Aid Shortfall In Mozambique In The Aftermath Of Cyclone Idai

In Mozambique, in the aftermath of Cyclone Idai, cholera cases among survivors have increased to 271 in Beira alone. Despite aid efforts already underway, including Can$3.5 million pledged by Canada’s government, the amount of aid that has been either delivered or promised is widely viewed as falling far short of the high level of need. The World Food Programme has estimated that they require $140 million to feed vulnerable people for three months. However, only $57 million has been pledged up to this point, with an even smaller $3.9 million delivered so far. A vaccination campaign is about to be initiated, with the World Health Organization stating that about 900,000 cholera vaccine doses are expected to arrive on Monday.

Three Indian Navy training vessels were in the Indian Ocean, near Mozambique, on a training mission, when Cyclone Idai struck. They were diverted to the port city of Beira in response to a request from Mozambique. A statement by India’s Ministry of External Affairs said, “As of now, the Indian naval crew has rescued more than 192 people. Medical assistance has been provided to 1,381 persons in medical camps set up by the Indian Navy.” Indian naval captain Varun Singh stated, “People needed help. Our presence, it was a great relief for them. The sight of somebody – they were sure now the relief will start coming in.” David Beasley, director of the World Food Programme, visited Beira and said, “I’ve been fussing with the media around the world that all you want to talk about is Brexit, Brexit, Trump, Trump, and we’ve got people dying.” He added, “Children are going to die and families are going to starve to death if we don’t get the supplies they need.”

Despite some efforts being made to assist, including many people working on the ground level helping survivors in the aftermath of Cyclone Idai, there is very high and critical level of need that greatly exceeds the actual quantity resources provided on the part of the international community. The aforementioned lack of media focus on the crisis, while other stories that are more tangible to Western audiences dominate, can definitely be viewed as a factor that stymies the delivery of aid. Another factor that has contributed to the aid shortfall in Mozambique is corruption. The relative lack of international mobilization can be attributed to high levels of corruption in Mozambique, which has left the international community distrustful of making significant efforts to provide aid. Beira’s mayor, Daviz Simango, who is also the leader of the opposition Democratic Movement of Mozambique party, has stated that Mozambique’s government failed to warn people in the worst-hit areas prior to the cyclone’s landfall, despite a red alert being issued a couple of days before. He said, “Mozambique was not prepared. There were no boats, there were no helicopters, no means of saving lives. Most of the people saved were rescued by help coming from outside. The internal capacity to respond immediately to disasters like this is zero, and the result is that with every new day, the list of the dead is updated.” Beira itself has been largely destroyed after Cyclone Idai, but the death toll there has only hit 20, while it is much higher in other places. Issues of corruption and the lack of institutional capacity, such that a large reliance on foreign assistance is required, points to systematic issues in Mozambique that make it very poorly equipped to handle this crisis, as well as other future crises, which could pose even greater threats given the impacts of climate change.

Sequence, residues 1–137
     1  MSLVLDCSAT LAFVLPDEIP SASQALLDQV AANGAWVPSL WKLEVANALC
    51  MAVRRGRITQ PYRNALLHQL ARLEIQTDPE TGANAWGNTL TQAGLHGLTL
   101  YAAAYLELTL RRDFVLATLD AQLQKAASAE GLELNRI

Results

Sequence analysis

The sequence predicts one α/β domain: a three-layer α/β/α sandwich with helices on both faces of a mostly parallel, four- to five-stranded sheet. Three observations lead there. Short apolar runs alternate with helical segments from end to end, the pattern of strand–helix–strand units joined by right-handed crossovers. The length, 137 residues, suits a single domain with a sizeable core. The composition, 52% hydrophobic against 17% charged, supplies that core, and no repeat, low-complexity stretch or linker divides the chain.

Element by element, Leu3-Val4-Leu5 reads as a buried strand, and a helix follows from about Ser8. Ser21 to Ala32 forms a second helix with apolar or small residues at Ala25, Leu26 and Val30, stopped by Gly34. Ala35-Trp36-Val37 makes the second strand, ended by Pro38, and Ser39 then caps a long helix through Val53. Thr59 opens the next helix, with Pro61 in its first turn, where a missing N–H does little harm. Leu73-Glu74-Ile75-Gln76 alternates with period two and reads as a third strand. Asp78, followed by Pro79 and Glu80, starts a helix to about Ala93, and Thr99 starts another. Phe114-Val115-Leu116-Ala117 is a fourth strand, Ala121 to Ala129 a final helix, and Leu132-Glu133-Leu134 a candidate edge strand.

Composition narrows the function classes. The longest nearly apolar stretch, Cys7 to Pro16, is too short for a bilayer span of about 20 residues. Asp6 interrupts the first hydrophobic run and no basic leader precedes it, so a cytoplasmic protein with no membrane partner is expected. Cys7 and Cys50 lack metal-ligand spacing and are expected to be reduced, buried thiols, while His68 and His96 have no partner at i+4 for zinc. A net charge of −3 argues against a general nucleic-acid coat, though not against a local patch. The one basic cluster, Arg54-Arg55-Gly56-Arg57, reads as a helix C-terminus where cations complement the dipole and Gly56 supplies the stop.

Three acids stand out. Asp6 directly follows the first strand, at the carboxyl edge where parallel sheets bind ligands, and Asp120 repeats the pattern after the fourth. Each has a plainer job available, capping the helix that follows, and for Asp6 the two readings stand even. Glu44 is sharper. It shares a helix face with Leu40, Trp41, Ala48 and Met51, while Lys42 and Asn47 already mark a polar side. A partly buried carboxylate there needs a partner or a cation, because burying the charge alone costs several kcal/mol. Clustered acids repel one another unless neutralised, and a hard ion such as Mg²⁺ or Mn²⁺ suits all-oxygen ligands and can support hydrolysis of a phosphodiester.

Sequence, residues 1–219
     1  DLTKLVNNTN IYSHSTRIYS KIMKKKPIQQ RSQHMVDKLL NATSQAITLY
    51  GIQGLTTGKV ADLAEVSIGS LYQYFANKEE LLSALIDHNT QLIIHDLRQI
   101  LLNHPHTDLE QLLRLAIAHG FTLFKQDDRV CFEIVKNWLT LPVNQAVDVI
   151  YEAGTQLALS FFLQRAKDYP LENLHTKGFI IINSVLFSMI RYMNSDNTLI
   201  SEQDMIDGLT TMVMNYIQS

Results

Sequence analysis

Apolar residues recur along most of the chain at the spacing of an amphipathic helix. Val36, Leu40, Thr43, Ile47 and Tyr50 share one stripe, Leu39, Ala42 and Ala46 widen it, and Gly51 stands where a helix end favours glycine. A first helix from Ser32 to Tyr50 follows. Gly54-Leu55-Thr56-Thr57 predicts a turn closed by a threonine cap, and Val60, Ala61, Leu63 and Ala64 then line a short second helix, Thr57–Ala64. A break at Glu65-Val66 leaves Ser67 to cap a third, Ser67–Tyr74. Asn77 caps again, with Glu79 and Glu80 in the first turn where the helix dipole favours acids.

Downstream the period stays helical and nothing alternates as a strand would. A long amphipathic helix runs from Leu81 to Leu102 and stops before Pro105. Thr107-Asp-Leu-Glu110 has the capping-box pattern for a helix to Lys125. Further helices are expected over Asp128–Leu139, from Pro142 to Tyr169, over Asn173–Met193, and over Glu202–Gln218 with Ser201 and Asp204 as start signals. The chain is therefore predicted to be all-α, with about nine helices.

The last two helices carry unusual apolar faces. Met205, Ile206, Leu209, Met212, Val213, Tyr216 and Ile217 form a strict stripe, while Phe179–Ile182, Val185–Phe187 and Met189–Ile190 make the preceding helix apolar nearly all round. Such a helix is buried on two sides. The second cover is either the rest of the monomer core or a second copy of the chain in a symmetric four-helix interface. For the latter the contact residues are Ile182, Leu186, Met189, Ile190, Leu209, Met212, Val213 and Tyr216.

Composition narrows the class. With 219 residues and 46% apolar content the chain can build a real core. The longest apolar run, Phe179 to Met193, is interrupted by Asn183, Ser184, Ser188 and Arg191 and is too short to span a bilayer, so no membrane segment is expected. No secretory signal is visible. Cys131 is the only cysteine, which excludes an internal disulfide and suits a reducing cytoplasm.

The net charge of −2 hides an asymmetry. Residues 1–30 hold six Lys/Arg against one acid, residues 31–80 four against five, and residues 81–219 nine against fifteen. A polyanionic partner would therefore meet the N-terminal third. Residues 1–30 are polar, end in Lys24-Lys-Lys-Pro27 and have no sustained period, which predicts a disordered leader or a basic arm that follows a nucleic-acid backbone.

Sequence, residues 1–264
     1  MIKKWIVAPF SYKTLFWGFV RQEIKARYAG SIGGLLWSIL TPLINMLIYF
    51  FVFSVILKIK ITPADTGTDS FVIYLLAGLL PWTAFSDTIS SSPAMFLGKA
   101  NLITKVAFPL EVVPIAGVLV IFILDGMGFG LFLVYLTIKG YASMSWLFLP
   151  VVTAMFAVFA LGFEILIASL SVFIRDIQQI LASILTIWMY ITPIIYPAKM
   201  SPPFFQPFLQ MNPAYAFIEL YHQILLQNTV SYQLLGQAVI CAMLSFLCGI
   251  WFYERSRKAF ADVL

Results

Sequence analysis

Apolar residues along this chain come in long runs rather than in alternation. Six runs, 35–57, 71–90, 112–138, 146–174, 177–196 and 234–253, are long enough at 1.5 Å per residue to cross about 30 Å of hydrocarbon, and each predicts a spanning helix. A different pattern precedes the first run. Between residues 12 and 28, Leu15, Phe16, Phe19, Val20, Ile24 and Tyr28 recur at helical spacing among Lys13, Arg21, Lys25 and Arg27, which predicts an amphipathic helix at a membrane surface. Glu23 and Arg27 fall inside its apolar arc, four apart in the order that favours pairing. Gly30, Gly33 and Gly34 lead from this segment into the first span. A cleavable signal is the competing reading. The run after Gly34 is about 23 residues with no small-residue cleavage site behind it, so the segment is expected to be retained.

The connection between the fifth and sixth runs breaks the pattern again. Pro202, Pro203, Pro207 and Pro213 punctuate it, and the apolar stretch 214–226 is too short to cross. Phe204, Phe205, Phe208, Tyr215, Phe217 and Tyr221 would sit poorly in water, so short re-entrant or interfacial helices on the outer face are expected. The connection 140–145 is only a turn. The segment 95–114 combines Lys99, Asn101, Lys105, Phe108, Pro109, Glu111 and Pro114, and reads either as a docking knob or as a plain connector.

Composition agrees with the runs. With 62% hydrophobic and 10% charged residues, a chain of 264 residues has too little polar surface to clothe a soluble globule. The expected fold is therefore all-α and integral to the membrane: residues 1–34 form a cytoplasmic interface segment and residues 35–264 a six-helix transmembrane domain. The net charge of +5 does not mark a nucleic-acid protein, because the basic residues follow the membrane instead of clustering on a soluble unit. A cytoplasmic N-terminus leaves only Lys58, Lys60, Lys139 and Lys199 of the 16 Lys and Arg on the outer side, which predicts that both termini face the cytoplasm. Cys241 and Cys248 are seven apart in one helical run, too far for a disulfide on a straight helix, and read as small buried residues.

Cyclone Idai hit the coast of Mozambique on 14 March, 2019. The death toll is over 500 in Mozambique, while 259 people died in Zimbabwe and 56 died in Malawi. The Category 2 storm and the flooding associated with it has also led to widespread destruction of homes and possessions. Diarrhea cases have increased, and cholera and malaria are major concerns.

Cyclone Idai is profound in how it has devastated the affected countries, including Mozambique, so quickly. It serves as a reminder of the impacts of climate change, which can be more devastating and noticeable in poorer countries that already have major issues like infrastructure problems and widespread corruption. The United Nations (UN) Economic Commission for Africa estimates that Mozambique, Zimbabwe, and Malawi have lost $1 billion in infrastructure because of damage from the cyclone. Aid groups believe the death toll in Mozambique will far exceed the official numbers. The impacts of climate change are such that efforts made by Mozambique to combat natural disasters, including warning systems and coastal embankments, which themselves were limited due to funding issues, did not prevent widespread devastation from occurring. It is evident that more comprehensive and urgent interventions are needed to mitigate current and future climate change crises, as part of a global strategy to combat the issue. More immediate aid to address this current crisis, along with infrastructure program funding, are important to address the aftermath of this cyclone and protect people from future problems.